I realised that to get deeper into it, I had to get to know a monk. My friends told me about Father German. I approached him after a mass and asked for a conversation. He invited me to his quarters. This was something very rare. Not many people are allowed in a monk’s quarters. I do not know why I was let in, maybe it was his intuition – he seemed intrigued. We talked for almost the entire night. I told him my life story, like a confession. I told him about the Solidarity movement in Poland, about America, Berlin and Abkhazia. As a foreign correspondent I never had enough time to get deep into my own self. And he told me two important things. The first thought was: “Stop and you will see that you will get further.” At the end of the conversation he added: “Why do you wander around the world like that? You can do the same, without leaving where you are.”
These words stayed with me for so long that I thought about them for eight years when I was staying in Solovki. I read Old Russian literature in the Old Church Slavonic language. I wanted to understand their roots.
After three years of silence – also on paper – I got a message from another old man, the editor of a Paris-based journal Kultura – Jerzy Giedroyc. He offered me to become a permanent contributor to his journal. This was after my letter to Gustaw Herling-Grudziński (Polish writer and journalist – editor’s note) in which I described to him Jarcewo, 50 years after he had departed from it. Herling liked this letter to such an extent that he included it in his Dziennik Pisany Nocą which at that time was being published by Kultura. This is how I started working with them. First in the form of letters from the Solovki Islands, but in time it turned into a sort of diary. Why a diary? Writing a diary gave me the opportunity to contemplate time. Today I can write about one thing, tomorrow about another and I do not need to stick to one topic. I like to write bits and pieces and writing in the form of a diary allows me to do that. My adventure with Father German ended in 1999 when I felt I was ready to move on. I was ready to start my own path. Not to go with the crowd, not to follow some external events which take me somewhere. I was ready to take my own slow steps. Both in life and with words.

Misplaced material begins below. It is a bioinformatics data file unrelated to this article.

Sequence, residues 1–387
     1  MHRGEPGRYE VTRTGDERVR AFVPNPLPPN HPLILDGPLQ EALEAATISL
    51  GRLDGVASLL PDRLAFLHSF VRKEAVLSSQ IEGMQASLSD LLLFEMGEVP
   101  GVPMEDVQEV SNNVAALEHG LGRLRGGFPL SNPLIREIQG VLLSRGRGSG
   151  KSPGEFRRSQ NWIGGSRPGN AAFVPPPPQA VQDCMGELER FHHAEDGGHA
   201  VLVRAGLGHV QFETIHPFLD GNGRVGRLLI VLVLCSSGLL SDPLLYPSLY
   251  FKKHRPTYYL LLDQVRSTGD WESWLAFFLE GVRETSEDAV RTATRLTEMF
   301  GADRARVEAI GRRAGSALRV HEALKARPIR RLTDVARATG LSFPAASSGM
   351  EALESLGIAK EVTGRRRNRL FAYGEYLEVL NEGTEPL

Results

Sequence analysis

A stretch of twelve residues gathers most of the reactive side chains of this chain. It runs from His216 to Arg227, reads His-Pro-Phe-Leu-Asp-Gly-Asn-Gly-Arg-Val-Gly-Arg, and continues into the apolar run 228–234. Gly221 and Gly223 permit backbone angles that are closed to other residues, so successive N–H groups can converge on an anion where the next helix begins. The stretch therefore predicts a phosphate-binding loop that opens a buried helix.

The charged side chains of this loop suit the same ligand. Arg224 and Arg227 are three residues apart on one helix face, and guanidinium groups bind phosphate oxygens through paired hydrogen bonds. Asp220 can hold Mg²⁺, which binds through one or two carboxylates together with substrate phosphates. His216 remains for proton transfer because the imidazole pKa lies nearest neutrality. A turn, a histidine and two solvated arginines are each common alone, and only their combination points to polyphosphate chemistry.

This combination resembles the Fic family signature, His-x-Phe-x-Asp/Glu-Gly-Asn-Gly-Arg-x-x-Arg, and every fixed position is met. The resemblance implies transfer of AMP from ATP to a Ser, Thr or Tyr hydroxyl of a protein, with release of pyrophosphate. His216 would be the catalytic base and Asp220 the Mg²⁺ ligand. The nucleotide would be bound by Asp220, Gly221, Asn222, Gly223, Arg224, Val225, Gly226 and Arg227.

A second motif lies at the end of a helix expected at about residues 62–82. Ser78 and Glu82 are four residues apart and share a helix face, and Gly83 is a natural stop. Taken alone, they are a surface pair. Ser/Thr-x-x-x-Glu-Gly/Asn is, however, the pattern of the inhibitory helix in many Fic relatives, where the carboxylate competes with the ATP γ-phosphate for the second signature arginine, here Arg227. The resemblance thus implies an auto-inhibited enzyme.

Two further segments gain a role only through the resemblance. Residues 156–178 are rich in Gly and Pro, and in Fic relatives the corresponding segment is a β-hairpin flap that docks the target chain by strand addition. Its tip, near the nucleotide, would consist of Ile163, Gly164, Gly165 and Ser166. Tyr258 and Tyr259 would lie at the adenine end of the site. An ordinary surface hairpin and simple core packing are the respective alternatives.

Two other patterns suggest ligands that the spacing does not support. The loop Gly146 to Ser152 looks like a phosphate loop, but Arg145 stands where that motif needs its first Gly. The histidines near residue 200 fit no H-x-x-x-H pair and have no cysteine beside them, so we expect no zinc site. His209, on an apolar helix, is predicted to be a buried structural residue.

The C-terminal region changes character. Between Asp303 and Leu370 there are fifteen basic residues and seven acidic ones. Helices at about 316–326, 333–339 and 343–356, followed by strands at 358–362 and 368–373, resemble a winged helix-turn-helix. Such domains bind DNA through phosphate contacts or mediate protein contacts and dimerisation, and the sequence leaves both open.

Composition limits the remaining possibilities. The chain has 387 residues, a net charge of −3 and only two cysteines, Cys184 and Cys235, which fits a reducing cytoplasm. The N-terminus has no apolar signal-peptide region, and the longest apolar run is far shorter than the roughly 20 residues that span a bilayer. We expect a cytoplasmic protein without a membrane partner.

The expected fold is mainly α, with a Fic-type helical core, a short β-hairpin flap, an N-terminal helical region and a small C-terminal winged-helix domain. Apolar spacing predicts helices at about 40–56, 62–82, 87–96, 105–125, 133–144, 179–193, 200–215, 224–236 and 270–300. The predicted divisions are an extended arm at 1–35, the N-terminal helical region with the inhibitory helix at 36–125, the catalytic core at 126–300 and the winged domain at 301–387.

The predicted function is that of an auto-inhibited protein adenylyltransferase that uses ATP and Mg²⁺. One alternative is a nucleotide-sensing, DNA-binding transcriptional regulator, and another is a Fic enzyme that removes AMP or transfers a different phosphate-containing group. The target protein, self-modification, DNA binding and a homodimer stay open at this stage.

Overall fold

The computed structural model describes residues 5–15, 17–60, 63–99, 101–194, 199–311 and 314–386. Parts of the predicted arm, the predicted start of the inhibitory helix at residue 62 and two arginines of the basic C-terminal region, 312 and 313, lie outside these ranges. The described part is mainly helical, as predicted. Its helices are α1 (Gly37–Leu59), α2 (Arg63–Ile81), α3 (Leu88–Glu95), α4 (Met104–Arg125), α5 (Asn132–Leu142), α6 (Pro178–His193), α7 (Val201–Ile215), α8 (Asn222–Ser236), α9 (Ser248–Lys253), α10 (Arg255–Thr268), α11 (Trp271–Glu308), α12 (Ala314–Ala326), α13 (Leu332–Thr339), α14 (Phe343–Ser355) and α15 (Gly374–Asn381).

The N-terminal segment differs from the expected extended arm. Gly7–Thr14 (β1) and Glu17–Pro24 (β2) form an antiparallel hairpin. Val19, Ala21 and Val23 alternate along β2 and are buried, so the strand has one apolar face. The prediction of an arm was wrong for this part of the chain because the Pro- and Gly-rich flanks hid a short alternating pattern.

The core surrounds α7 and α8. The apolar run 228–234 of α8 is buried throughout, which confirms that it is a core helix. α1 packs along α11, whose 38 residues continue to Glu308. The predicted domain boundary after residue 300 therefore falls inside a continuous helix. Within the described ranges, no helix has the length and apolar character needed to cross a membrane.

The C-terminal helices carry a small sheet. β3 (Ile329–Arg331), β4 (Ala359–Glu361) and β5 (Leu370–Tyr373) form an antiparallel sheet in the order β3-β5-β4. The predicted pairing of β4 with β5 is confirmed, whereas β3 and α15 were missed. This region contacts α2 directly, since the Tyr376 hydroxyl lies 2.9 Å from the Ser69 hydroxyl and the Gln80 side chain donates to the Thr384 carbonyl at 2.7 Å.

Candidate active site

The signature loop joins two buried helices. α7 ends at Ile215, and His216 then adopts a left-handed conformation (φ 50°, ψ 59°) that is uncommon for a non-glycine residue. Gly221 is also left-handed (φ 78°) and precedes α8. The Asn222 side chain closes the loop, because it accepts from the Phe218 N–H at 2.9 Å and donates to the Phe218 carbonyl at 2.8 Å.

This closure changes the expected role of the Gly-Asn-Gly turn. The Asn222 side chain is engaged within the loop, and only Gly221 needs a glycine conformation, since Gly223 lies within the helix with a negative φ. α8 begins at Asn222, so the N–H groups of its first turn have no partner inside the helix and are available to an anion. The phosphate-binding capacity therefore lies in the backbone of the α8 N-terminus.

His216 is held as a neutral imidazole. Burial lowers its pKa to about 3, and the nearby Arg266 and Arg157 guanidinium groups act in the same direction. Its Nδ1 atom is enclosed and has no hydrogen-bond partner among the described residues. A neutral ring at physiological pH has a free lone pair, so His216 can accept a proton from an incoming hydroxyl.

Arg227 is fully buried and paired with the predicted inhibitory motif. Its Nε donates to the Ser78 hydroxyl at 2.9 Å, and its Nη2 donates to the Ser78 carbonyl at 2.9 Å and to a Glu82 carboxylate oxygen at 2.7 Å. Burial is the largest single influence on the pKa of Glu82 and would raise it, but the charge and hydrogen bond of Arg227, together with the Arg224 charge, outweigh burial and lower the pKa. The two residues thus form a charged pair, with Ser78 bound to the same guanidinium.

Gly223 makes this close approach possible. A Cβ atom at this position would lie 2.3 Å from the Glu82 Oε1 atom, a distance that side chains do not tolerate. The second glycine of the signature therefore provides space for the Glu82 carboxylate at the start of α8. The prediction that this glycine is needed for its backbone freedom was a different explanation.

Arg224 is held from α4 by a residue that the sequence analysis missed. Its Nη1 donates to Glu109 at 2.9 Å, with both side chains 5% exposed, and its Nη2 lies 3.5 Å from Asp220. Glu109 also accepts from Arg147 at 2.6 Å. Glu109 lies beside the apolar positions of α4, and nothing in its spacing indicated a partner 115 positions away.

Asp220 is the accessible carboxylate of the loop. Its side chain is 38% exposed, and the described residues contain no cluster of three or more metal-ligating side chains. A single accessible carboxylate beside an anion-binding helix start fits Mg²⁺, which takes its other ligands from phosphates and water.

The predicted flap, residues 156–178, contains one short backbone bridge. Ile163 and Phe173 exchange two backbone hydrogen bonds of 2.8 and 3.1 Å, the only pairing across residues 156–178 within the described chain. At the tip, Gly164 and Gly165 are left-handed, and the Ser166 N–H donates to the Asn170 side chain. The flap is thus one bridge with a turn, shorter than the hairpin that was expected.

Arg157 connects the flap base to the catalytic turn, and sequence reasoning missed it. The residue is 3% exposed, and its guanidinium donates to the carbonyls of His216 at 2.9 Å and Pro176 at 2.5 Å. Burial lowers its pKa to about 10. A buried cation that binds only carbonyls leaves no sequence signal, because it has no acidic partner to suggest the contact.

Why did you decide to get outside Russia, to Labrador in Canada?
Labrador is also the north, meaning I did not leave Russia. I still believe that I live in the north and not in Russia. Russia has been here for a few centuries but the traces of human life there date back six or seven thousand years. Meaning, Russia is just an episode. I talk about myself more as a “writer of the north” and not a “writer living in Russia”. But returning to the previous subject, here in Kraków there was once an amazing meeting during which I was presented with Le Route Bleu by Kenneth White (a Scottish poet and writer – editor’s note).
Discovering White was one of the most important intellectual adventures of my life. Once I was given this book, I read it and started to search its author to have a conversation with him. I wanted to finish my diary Tropami Rena with a conversation with White. He is the author of the concept “intellectual nomadism” and my book was about nomadism – not only physical but also spiritual. Unfortunately, I did not manage to find White and I had to finish the book without him. We later met, by accident, at a festival for travellers and wanderers. This was where the idea to follow the track in Labrador, 20 years after Le Route Bleu was born: to see what has changed and contrast Russia’s north with Canada’s north. I waited for two years, managed to save money and we set out. It was a quick trip.